Sometimes the truth hurts. More so in Goa which is struggling to find a helpline for those affected by mining. Both the BJP and the Congress have been literally falling over each other to convince the affected people that they would approach the Centre with a proposal for aid, until mining resumes.
It took a visit by Union Minister for Heavy Industries, Mr Praful Patel to end the charade. On Saturday, Mr Patel categorically told the media that the Centre would not give any aid to the state. In fact he went a step further when he said, if the state faced a financial crunch due to closure of the mining industry it could not be helped. He suggested that the government should approach the Supreme Court to find a solution. Expectedly, he blamed the Parrikar government for the current crisis that has hit economic growth and state finances, but more importantly, he pointed out that the Shah Commission report, which has listed instances of rampant illegal mining, needs to be discussed properly for a solution to emerge.
Few days back BJP spokesperson, Dr Wilfred Mesquita had told the media that the Chief Minister, Mr Manohar Parrikar had planned to lead an all party delegation to meet the Prime Minister, Dr Manmohan Singh so as to sort out mining related problems but added that the Congress had refused the offer. The Congress on its part had told the media that it would petition the Centre for aid and in the same breath accused the Parrikar government for the present crisis. So where exactly does Mr Patel’s statement leave the state government and the chief opposition party, the Congress? In no man’s land. They will now have to think up new ways of assuring the people who are getting restless with the extended closure of the mining industry.
There isn’t a doubt about who is to blame for the mess in the mining industry and the Congress cannot run away from illegalities that grew during its regime. Mine owners and traders will also have to shoulder part of the blame for not raising the red flag when things began to go horribly wrong. However, Goa has gone beyond the blame game and what needs to be sincerely examined is the solutions, and all stake holders, political parties included have a role to play.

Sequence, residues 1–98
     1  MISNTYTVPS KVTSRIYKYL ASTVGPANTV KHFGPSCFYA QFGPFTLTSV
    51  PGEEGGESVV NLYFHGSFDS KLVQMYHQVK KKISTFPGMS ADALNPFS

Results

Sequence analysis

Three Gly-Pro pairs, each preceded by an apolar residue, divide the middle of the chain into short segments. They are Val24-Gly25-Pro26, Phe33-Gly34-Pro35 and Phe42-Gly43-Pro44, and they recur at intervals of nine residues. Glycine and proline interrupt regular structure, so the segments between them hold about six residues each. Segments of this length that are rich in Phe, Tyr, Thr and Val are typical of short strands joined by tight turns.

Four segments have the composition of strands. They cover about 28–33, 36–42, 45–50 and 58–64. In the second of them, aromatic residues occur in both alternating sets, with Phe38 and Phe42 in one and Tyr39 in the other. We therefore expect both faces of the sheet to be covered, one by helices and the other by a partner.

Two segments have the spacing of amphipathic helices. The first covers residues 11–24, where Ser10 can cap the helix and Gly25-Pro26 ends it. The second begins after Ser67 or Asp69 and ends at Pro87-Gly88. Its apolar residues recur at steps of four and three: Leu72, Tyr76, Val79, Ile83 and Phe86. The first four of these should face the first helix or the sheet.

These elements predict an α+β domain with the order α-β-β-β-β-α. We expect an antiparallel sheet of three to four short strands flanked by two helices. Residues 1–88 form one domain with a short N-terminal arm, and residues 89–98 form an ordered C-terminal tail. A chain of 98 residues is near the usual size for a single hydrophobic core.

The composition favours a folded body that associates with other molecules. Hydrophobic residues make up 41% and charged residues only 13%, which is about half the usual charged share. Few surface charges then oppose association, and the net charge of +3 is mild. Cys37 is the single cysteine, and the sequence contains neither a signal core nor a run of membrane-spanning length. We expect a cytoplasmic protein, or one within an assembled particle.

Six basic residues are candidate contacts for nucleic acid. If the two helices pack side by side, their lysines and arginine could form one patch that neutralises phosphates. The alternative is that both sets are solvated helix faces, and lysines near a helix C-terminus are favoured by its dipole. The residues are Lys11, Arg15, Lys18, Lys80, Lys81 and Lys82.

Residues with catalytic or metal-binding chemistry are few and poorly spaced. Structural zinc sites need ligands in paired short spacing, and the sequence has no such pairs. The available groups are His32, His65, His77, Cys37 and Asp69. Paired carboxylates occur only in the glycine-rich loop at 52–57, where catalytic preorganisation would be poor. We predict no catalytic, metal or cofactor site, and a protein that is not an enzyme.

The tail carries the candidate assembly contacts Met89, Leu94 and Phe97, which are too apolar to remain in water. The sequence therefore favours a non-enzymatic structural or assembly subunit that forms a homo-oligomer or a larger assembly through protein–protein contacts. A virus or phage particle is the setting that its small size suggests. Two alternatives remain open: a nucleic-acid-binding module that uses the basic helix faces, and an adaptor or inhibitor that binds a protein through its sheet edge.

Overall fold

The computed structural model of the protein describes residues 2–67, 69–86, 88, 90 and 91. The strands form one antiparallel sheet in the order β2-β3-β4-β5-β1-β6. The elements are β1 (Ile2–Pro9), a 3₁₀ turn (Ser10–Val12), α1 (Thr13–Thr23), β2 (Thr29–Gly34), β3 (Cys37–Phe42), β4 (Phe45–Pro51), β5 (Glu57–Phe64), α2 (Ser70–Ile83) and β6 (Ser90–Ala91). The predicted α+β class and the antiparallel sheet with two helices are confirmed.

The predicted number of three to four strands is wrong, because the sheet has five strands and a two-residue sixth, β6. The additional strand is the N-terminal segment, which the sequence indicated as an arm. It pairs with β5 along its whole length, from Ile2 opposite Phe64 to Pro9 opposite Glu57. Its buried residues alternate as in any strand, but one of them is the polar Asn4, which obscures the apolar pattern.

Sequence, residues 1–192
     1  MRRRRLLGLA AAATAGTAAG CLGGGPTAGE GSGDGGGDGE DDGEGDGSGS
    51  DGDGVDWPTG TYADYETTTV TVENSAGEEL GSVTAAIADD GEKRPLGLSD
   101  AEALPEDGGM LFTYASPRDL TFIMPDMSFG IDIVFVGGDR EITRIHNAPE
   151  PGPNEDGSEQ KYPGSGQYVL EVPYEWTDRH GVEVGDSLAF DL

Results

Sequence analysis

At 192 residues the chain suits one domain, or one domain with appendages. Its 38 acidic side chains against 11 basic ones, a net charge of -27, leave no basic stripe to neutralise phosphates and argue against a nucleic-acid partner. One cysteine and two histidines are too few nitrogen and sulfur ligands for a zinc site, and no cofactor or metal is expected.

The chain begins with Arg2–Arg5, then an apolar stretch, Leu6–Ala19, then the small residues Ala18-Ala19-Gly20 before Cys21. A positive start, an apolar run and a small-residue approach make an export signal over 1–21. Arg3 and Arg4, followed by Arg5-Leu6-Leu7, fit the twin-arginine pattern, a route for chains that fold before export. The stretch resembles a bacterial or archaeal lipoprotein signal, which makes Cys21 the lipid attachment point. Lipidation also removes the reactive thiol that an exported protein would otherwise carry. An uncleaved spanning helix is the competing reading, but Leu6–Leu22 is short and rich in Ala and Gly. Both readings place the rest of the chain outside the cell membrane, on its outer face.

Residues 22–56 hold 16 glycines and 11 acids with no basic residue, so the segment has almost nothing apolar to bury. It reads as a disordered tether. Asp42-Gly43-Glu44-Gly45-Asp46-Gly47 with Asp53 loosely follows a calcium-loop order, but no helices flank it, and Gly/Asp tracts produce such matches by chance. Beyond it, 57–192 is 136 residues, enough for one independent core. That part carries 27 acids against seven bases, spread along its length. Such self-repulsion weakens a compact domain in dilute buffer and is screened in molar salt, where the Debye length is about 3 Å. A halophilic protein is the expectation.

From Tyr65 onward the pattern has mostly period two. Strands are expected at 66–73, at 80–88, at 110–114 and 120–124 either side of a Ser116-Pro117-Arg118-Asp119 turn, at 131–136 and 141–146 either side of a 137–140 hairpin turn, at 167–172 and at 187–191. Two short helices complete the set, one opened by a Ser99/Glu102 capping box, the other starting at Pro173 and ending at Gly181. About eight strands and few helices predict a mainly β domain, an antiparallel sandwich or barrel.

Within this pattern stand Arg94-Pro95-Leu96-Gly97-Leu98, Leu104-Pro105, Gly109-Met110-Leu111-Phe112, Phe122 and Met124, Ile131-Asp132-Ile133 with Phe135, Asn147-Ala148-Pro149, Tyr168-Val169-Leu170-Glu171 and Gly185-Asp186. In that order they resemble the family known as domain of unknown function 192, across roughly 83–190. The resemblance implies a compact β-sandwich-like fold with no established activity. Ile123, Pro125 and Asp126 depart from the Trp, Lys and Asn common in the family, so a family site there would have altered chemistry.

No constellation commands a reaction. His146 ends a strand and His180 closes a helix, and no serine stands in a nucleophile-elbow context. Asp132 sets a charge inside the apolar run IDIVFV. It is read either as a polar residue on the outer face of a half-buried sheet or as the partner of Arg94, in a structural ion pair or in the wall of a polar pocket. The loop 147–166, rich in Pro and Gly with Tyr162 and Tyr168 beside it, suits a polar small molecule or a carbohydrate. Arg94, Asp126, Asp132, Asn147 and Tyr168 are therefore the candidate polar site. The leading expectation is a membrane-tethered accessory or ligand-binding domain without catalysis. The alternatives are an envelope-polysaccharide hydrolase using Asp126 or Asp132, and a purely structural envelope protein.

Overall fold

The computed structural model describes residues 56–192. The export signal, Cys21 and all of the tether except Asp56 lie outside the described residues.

The way out though, is not that simple because the problem is rather complicated. As Mr Patel pointed out, perhaps the best way to start is by a special Assembly session to debate the Shah Commission report. The report is available on the internet and the operative parts have been extensively covered by the Press. However, discussions if any have either been conducted through the media or behind closed doors. If the ‘pointing of fingers’ is to stop, then a thorough debate has to take place on the issue. The stoppage of mining will eventually impact on the state’s economy and government finances and if the state does not have a clear response, or if there is no consensus on what needs to be done, then web of lies and half promises will envelope Goa. This is neither in the interest of the affected people nor the industry.
Although pressure is mounting on the state government, it appears that the final decision will be taken by the Supreme Court and the Ministry of Environment and Forests. One can hardly expect the MoEF to oblige the Parrikar government, not after the Chief Minister tried to assert his authority on the issue of central postings. The battle has already begun with the MoEF insisting on a 10 km buffer zone as against the 1 km sought by the state government. Until the Supreme Court gives its verdict on a petition filed by an NGO, the state government must do all it can to build a consensus and this can happen only when the blame game stops and a serious debate on the Shah Commission report takes place in the Assembly.